Il teatro dell’assurdo Americano
Edward F. Albee
At the end of the 1950s the semi-absurdist plays of Edward Franklin Albee III (1928- ) attracted American audiences with their intelligent dialogue. Edward Albee was adopted as an infant by Reed Albee, the son of Edward Franklin Albee, a powerful (potente) American Vaudeville (forma di teatro popolare) producer. The future writer soon come into conflict (venne in conflitto) against his family and started associating with artists and intellectuals. At 20 Edward moved to New York’s Greenwich Village where he held (fece) a variety of unusual jobs before achieving (raggiungere) his success with The Zoo Story, in 1959. The play gave birth (diede origine) to American absurdist drama and Albee was seen as the leader of a new theatrical movement, the successor to Arthur Miller, Tennessee Williams, and Eugene O’Neill, but he is more closely related to the European playwrights as Beckett and Harold Pinter. Albee describes his plays as “an examination of the American Scene, an attack on the substitution of artificial for real values in our society”. His works are considered well-crafted (ben costruiti), an unsympathetic (distaccato) examination of the modern condition. Among his other famous plays are The Sandbox (1959) and Who’s Afraid of Virginia Woolf? (1962). He also rewrote (riscrisse) the book for the unsuccessful musical Breakfast at Tiffany’s, an adaptation of Truman Capote’s Breakfast at Tiffany’s (1966). Albee continues to experiment in works, such as The Goat: or, Who Is Sylvia? (2002).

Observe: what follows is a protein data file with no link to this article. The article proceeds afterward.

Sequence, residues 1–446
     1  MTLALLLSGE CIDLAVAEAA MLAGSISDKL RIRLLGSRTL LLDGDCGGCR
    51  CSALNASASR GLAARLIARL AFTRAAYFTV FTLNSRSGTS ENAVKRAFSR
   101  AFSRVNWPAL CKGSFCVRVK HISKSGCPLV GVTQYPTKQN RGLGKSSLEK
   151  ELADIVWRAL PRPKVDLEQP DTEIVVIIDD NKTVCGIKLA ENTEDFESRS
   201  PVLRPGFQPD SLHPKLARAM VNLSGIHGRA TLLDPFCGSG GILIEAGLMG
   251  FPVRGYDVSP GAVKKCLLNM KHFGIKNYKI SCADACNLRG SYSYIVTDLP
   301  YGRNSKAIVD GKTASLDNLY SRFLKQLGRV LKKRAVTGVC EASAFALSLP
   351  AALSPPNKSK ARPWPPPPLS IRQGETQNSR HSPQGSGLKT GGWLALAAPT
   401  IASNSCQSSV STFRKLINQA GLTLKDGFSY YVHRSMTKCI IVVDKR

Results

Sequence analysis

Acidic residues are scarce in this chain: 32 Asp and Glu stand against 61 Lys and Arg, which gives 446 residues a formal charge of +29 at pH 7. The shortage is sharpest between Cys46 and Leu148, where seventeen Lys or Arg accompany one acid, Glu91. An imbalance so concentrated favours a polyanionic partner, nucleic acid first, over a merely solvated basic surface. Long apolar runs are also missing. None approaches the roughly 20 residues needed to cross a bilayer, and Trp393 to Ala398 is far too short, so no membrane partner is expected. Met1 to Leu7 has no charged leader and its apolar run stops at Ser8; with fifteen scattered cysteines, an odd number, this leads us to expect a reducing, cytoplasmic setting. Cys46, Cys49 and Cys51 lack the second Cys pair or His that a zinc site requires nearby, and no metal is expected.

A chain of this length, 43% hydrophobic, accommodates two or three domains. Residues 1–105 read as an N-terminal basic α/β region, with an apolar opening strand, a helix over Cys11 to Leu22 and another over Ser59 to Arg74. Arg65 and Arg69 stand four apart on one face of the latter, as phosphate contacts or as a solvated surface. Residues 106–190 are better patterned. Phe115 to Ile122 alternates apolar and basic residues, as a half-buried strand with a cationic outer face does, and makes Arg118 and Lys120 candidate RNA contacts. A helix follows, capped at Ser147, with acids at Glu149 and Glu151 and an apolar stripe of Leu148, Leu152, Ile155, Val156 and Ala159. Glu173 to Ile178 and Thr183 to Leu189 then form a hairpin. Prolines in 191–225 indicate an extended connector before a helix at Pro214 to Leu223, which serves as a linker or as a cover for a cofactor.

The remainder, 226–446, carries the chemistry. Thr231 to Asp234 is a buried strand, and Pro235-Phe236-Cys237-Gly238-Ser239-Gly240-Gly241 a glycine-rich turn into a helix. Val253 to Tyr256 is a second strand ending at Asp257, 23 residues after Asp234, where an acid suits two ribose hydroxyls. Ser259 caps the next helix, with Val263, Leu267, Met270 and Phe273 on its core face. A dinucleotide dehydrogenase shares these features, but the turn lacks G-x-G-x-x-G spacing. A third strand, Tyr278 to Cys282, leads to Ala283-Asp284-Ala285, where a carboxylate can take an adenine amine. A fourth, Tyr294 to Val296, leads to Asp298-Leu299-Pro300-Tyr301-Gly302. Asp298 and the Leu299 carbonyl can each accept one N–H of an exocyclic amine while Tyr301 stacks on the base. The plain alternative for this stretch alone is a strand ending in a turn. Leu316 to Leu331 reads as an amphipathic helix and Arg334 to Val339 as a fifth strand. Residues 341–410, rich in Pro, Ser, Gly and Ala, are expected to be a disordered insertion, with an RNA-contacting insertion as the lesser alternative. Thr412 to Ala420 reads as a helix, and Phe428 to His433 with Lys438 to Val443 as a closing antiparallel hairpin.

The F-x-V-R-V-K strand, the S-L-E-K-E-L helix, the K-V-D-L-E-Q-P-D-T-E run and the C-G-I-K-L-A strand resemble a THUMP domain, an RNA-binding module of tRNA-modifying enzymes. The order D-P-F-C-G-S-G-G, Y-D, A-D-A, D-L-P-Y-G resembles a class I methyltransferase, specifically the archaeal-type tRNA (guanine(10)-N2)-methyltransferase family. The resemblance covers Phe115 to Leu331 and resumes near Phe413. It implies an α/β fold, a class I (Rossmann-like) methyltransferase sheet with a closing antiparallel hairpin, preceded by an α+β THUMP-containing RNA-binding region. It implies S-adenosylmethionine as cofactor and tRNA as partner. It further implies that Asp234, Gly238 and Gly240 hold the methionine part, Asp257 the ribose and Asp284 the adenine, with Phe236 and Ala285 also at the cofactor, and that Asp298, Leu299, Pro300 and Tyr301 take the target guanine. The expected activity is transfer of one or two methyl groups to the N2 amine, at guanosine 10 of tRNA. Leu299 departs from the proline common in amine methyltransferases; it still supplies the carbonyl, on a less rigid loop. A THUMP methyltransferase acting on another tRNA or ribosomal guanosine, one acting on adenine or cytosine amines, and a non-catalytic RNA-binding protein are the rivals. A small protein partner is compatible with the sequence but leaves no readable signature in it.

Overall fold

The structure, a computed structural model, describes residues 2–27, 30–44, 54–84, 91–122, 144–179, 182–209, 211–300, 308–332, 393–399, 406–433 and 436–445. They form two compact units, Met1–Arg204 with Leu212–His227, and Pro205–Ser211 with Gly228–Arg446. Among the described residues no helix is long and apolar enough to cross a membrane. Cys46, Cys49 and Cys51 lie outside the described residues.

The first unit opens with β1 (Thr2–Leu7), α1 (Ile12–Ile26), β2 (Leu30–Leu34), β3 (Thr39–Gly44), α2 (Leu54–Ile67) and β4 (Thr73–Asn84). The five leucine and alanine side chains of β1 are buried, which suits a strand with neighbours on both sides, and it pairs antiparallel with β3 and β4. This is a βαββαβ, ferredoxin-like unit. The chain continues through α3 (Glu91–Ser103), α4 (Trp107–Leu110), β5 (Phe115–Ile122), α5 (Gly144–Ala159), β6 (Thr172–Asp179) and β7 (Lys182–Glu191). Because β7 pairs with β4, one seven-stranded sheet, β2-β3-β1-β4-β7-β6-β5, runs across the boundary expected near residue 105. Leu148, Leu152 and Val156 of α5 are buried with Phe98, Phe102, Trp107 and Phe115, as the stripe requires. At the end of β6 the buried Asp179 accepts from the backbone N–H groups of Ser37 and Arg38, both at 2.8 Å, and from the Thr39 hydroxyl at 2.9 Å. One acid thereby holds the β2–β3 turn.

Chi ha Paura di Virginia Woolf?
Edwar Albee’s most popular production is surely Who’s Afraid of Virginia Woolf? (1962), the story of an unhappy couple: George, a university professor, and Martha. They spend most of the time attacking each other: he accuses her of being an alcoholic (alcolizzata), she humiliates him and praises (loda) Nick, a young professor George feels as his rival (rivale). They often mention their mysterious son, but they feel unconfortable speaking about him. When a young couple, Nick – the rival professor – and Honey, come for some drinks Martha tortures George in front of them providing the intimate details (dettagli intimi) of his failures (fallimenti). The tension gets so high (sale così tanto) that Honey, runs out of the room to vomit. While Honey is out of scene (fuori scena) Nick and George start speaking and they feel they can share (condividere) some of the intimate details (dettagli) of their lives. But Honey comes back and the craziness (pazzia) begins again. Martha and Nick flirt in front of their spouses (consorti) and then go to bed together, but Nick can’t perform and she treats him like trash (lo tratta come immondizia). Then George and Martha start speaking about their son, but suddenly George says that a telegram came when Martha was in bed with Nick to announce their son’s death . Martha cries out and says that he’s not allowed (non gli è permesso) to kill their son. It becomes clear that their son does not exist – it is just another game (gioco) they play, another fruit of their imagination to face (affrontare) their meaningless (senza senso) lives. Nick and Honey go away leaving George and Martha alone with no more illusion. The play was then adapted into a film directed by Mike Nichols in 1966 – starring Elizabeth Taylor, Richard Burton, George Segal and Sandy Dennis